President Olian looks to future with optimism in annual State of the Qunion

President Olian speaks on stage.


uinnipiac is a university that continues to rise — that was the message President Judy Olian illustrated through numerous examples yesterday afternoon at the annual State of the Qunion.

She began by highlighting investments being made to enhance student life across the university’s campuses. The York Hill Fitness Center has recently installed more than 30 pieces of new fitness equipment — with engaging features that will inspire students in their workout routine.

In the coming weeks, Quinnipiac will open “On the Rocks,” its new pub in the Rocky Top Student Center. Named through a student-wide vote, the facility will serve beer, wine and offer a variety of food options. And, in just a few short months, major renovations of the Larson, Perlroth and Troup residence halls will be complete after being gutted and rebuilt from the core. New features will include air conditioning, new furniture and new common kitchens for each building.


“They will effectively be brand new dorms that will be ready by the end of May,” she said. “We will be continuing to renovate a lot of facilities as we go forward.”

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Olian stands behind a podium.

Throughout the next decade, Quinnipiac will embark on a master plan of major capital improvements throughout the university.

A new health and wellness center, to be connected to the current Athletic and Recreation Center on the Mount Carmel Campus, is one of the earliest aspects of the plan.

Strategic Plan Student Experience


“You gave a lot of input into what that wellness center needs to be,” Olian told the students. “It will have a fantastic physical fitness space, and areas for counseling, for medical needs and for programming needs. We want people who graduate from Quinnipiac to be not just career-ready, but life-ready, and so the programs there will be around how you prepare for a life of wellness and healthy adjustment to all the challenges that might occur.”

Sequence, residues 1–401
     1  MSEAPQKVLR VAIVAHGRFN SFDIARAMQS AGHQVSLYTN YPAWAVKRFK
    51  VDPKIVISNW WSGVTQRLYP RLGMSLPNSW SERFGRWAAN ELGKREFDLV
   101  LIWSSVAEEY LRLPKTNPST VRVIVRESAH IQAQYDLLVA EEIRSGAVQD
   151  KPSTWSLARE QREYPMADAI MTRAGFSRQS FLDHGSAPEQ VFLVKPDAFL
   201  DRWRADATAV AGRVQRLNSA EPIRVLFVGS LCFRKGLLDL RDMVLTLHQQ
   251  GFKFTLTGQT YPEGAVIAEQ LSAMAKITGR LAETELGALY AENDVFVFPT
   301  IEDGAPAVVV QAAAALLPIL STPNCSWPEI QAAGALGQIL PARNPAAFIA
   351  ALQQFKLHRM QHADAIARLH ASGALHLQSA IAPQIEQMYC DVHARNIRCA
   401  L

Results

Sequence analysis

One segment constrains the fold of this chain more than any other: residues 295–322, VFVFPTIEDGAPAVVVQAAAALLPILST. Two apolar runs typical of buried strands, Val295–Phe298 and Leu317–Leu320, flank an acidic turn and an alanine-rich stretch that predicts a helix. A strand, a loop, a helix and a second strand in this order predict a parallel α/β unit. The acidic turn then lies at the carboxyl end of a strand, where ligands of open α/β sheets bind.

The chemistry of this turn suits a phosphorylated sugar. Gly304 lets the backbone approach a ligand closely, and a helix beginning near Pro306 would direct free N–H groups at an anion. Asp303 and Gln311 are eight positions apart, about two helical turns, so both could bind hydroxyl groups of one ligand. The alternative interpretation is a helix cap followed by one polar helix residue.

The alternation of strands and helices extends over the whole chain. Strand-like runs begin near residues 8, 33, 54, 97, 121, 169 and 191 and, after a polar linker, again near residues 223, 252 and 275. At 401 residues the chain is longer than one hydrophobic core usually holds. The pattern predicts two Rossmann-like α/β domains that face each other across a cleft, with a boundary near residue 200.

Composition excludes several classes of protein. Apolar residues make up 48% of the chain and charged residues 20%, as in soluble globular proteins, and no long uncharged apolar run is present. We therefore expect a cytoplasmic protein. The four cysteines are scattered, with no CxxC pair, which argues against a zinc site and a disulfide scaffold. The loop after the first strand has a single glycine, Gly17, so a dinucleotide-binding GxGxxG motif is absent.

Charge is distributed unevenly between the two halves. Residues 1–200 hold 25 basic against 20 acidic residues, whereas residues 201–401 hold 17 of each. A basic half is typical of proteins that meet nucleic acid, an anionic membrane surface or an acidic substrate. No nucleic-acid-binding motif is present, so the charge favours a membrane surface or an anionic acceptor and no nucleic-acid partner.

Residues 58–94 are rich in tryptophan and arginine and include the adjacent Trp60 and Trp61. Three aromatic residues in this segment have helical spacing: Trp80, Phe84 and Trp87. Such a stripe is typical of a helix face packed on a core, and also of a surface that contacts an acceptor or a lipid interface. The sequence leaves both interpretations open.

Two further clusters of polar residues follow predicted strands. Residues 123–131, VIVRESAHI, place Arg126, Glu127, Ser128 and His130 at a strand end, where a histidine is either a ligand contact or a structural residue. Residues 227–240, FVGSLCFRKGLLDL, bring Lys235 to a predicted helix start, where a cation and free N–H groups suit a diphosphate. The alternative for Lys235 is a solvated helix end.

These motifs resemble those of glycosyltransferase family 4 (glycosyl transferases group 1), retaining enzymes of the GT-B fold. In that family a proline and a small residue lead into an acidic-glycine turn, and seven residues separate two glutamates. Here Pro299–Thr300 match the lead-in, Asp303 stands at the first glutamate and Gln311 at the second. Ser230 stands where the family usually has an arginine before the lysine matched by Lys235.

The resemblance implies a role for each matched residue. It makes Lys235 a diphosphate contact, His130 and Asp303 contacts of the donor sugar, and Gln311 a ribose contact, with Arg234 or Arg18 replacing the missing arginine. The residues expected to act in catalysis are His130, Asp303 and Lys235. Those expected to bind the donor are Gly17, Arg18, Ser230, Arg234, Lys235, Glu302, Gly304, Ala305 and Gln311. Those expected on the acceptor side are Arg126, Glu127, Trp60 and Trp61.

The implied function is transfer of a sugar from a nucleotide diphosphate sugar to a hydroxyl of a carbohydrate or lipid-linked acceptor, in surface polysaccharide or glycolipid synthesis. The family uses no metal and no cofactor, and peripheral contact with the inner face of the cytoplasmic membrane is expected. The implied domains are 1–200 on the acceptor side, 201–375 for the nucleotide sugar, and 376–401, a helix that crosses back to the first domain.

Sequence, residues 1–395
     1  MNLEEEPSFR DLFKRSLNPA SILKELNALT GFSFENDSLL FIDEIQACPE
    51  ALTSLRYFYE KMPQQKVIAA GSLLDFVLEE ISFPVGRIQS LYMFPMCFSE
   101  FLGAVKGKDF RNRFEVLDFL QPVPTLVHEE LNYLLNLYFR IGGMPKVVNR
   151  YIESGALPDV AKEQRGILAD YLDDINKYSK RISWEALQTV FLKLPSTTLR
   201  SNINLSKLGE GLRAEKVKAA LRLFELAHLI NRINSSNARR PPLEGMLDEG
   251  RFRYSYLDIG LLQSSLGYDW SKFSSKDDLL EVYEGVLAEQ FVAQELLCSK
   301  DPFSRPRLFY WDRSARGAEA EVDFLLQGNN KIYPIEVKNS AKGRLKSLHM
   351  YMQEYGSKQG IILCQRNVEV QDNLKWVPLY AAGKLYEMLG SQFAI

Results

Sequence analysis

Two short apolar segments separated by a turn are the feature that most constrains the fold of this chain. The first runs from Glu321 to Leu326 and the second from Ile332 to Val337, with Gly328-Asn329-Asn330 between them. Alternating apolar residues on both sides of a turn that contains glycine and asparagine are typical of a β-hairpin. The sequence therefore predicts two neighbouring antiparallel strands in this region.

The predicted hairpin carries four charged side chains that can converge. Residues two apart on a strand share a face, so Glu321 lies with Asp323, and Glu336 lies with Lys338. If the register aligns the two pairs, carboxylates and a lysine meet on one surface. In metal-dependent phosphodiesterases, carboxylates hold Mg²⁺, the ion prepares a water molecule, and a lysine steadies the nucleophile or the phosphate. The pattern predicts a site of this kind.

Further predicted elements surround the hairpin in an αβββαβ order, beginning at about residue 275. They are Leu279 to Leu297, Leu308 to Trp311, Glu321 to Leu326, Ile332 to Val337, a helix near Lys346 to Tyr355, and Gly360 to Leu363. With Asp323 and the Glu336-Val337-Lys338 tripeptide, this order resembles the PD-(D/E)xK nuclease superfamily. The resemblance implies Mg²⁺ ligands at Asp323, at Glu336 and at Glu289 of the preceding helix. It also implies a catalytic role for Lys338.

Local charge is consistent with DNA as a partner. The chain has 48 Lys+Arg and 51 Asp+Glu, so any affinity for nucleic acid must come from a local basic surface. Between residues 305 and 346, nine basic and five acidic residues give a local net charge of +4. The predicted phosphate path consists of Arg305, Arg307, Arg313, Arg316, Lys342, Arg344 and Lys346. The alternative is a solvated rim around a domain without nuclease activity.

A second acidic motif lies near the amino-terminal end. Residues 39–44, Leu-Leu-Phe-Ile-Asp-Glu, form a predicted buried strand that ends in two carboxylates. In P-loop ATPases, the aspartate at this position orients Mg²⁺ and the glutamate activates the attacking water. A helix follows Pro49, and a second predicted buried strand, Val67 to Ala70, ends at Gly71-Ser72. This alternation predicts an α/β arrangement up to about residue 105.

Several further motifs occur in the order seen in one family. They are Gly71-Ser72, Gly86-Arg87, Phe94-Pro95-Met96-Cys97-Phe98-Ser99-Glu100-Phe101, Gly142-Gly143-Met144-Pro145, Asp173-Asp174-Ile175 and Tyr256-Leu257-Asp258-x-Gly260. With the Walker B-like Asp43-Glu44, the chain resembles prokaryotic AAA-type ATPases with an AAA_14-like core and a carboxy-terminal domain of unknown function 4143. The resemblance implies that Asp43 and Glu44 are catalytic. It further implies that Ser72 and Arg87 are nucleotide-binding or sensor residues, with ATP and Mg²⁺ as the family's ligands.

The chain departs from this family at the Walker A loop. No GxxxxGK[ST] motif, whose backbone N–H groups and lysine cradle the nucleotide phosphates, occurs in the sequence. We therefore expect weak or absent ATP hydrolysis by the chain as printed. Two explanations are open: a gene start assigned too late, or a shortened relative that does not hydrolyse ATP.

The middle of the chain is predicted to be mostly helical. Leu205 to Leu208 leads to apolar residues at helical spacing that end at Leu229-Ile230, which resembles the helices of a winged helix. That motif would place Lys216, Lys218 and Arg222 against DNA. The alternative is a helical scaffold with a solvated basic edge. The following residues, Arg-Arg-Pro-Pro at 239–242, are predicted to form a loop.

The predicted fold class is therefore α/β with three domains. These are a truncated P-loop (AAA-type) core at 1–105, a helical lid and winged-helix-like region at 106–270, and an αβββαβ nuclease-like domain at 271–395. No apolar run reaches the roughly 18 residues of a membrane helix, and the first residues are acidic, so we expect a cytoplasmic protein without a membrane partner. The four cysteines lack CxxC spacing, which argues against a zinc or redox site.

A student speaks on a mic behind a table.

Different perspectives

A panel of students from throughout the university contributed questions and perspectives to the discussion.


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Olian also updated students on the university’s ongoing investments in the strategic plan.

Among notable recent progress that she cited across the plan’s four pillars:

  • Political Science professor Scott McLean is taking a class of 19 students to New Hampshire for a couple of weeks to gain lessons in presidential primaries by canvassing the state for a candidate of their choice.
  • Nearly 50% of new faculty hired last semester in the College of Arts & Sciences come from diverse backgrounds and ethnicities.
  • A sustainability committee has been launched and has already held two town halls this semester to develop and better implement important initiatives.
  • The university is in the midst of rolling out Bobcat Connect to the schools of business, communications, health sciences, nursing and the College of Arts and Sciences to connect students with alumni and mentors in a professional networking platform.

For the first time, a panel of more than a dozen students — representing all facets of student life — also participated in the State of the Qunion alongside the panel of administrators. The students weighed in on many of the issues being discussed and throughout the event and shared their perspectives and experiences in response to questions from both their peers as well as members of the administration.


“This kind of exchange, this kind of transparency, this kind of directness and openness is really what keeps us informed and what makes this community special,” Olian said. “We get better through this kind of exchange. We build trust and build confidence and get ideas of how we can make the Quinnipiac education even better.”